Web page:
This is late, I know 🙂 Work takes a lot out of a body, especially when it’s waitressing in a small, yet very busy, restaurant. Fyi, my weekly schedule is: MWF at Charm Thai Cuisine, Tues and Thurs at Shoal Creek Adventist School. I had been doing Charm five days a week, so this internship makes for a more balanced schedule. I make less money, but I find my lowered stress a better trade-off.
Anyway, on to the fun stuff.
Tuesday was a relaxing, peaceful entrance into my internship… almost too peaceful, I thought. Mrs. Freeman, my supervisor, had me act as floater, grader and master-of-flashcards-and-lollipops. Apparently, her grades still struggle with times tables, so she’s decided to take advantage of my role as intern (a.k.a. free help, tee-hee) and have me do flashcards when I’m there. Honestly, I really hope my doing that makes a difference; the problem is that I’m afraid it won’t achieve the desired results. When I was their age, my mother and grandmother grilled me on my tables till they stuck.
Even on my first day, I was vividly struck by how key are homework and repetition to student success. Those times tables are just facts they have to learn by rote. Too many were counting on their fingers, and you can’t do that when you’re trying to do 9×8 (=72, don’tcha know). Maybe this won’t help me much if I become an English teacher, but it at least shows me how some things must be learned.
Then, from down the hall, I heard it taunting me. Mr. Bralley informed me that it needed re-taming, so I accepted the challenge with glee. Boldly I stepped forth once more to do battle with…
(dun dun duuuuuuh)
So yeah, it wasn’t as bad as the first time. This summer, I had to literally overhaul almost every shelf. It took me about three to four days to re-organize everything according to Mr. Dewey’s decimal system, but I got ‘er done. Naturally, during the school year, things get misplaced, books are randomly strewn places, people just stick stuff on the shelves (pizza coupons anyone?). Still, it wasn’t as bad as it could’ve been since most children are too tiny to reach the highest shelves (YESSS LESS WORK). So I’m now the unofficial librarian. I really want to make a sign that ways I’M WATCHING YOU O_O but I don’t think they’ll let me. Oh well, they’re good kids 🙂
My special surprise for the day came when I spoke with Christina Dorn about helping her teach the fine art of research paper writing. I’m excited about this, but I just hope the fifth and sixth graders can handle it. I think I wrote my first research paper when I was in sixth grade, but I’m not totally positive on that. Anyway, I’m hoping these kids really surprise me. Christina said they surprise her every day, so I feel confident in this venture. I definitely know I’ll be covering plagiarism 🙂 After reading college papers that don’t reflect college standards, I plan on giving those kids the speech of their lives. I definitely want to impress upon them the necessity of learning how to write well. This is definitely going to be fun.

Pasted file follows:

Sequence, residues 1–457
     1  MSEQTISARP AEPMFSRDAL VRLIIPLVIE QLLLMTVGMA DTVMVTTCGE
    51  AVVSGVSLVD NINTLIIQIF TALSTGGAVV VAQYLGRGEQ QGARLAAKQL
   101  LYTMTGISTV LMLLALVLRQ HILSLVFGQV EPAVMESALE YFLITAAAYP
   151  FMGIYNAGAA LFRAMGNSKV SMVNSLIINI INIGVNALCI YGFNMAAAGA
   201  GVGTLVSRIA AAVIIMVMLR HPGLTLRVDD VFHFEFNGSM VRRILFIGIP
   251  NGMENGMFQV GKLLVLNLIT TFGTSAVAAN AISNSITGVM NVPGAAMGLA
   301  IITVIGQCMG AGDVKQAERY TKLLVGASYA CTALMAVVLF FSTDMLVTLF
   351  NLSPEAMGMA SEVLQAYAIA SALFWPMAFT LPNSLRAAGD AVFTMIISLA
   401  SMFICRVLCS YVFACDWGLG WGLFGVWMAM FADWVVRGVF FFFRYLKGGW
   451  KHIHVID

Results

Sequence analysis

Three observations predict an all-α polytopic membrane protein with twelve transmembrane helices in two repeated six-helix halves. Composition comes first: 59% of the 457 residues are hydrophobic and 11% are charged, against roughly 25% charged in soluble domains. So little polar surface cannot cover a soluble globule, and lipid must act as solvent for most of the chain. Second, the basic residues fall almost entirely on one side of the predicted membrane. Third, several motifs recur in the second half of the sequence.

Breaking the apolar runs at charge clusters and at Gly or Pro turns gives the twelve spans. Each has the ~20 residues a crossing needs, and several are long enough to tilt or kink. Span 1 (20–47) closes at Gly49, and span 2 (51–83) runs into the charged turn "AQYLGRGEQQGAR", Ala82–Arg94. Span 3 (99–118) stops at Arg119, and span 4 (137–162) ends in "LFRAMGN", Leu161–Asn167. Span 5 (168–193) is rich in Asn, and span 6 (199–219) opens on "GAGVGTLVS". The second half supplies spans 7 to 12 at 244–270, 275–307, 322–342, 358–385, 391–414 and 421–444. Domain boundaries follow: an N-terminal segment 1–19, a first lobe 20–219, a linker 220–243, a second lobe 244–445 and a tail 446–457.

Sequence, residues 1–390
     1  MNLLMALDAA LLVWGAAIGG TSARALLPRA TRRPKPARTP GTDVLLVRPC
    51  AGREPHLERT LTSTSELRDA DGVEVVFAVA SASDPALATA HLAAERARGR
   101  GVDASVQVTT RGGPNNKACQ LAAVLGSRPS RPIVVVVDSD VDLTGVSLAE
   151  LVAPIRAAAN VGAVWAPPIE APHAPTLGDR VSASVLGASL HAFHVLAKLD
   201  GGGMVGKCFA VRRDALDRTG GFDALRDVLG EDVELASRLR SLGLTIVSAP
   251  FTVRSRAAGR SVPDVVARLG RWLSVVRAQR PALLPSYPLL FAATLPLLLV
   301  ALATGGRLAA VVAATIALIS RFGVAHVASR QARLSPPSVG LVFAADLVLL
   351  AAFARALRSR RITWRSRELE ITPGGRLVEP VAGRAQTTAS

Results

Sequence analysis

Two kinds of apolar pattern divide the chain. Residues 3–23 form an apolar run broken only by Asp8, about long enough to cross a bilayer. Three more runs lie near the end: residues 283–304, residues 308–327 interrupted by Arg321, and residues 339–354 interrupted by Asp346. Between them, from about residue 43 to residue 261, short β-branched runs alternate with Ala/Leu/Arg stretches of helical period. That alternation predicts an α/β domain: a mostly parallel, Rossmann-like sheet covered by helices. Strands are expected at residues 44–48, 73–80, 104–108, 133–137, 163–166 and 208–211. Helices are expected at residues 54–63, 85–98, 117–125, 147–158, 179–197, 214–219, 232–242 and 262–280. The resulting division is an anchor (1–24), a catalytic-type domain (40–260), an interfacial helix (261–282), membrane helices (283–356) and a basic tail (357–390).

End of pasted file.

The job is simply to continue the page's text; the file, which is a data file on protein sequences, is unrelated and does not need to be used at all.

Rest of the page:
Today was even more fun because I stayed with Christina’s class this time. I did sit in for Bible time with Freeman first thing, though, and I like the way she coupled reading the story with letting the kids color Bible pictures. I’m learning that keeping the kids semi-distracted with their hands so they can listen with their ears is an effective teaching method. If I teach middle school, I’ll have to put that into practice 🙂 I also re-did flashcards today and tried to focus on the problems that really trip them up. We didn’t get to spend a lot of time on them today, but practice is practice and every little bit helps.
I found that Christina’s class was much more invigorating for me than Mrs. Freeman’s. The kids had a higher level of comprehension and a whole lot of sass. Their spunk and energy delighted me, and I seriously hope to spend more time there. Several students in particular stuck out to me. One young man had taken a mutual vow of silence with his friend to not speak today in class; his friend immediately broke the vow while he stayed clammed up. He’d point and grunt and write on paper what he was trying to say, and I just had to laugh. Kids are great, I’m tellin’ ya.
Their higher-level subjects were also more stimulating. I floated around like Pooh with his balloon, happily surveying their progress with mastering homophones and multiplying fractions. I even got to help a girl understand fractions through her specific learning style! She told me she learns kinesthetically, so I cut up pieces of paper, wrote each part of the algebraic equation on one side and the number it stood for on the other. As she flipped them back and forth, her eyes grew big with understanding and I felt so tingly inside. The trouble is that she thought that all uses of those letters would be equal to those numbers, so I explained that she would make cards for all equations and then use the flipping method to help her understand what means what.
At the end of the day, I felt somewhat stumped. However much I like interning at Shoal Creek, if I want to teach high school, I’m going to need to be somewhere else. I vented to my mother, who suggested that I at least complete the internship for the experience it affords for working with a wide range of grade levels. I feel even more determined now to start the Teacher’s Certificate program at (I’m not sure where yet) College (or University)!
Shoal Creek, I WANT MORE!
Random epicness: I received the best comment today. After playing a game of “Survivor,” where you throw Frisbees to get people “out,” a girl said I throw like Captain America.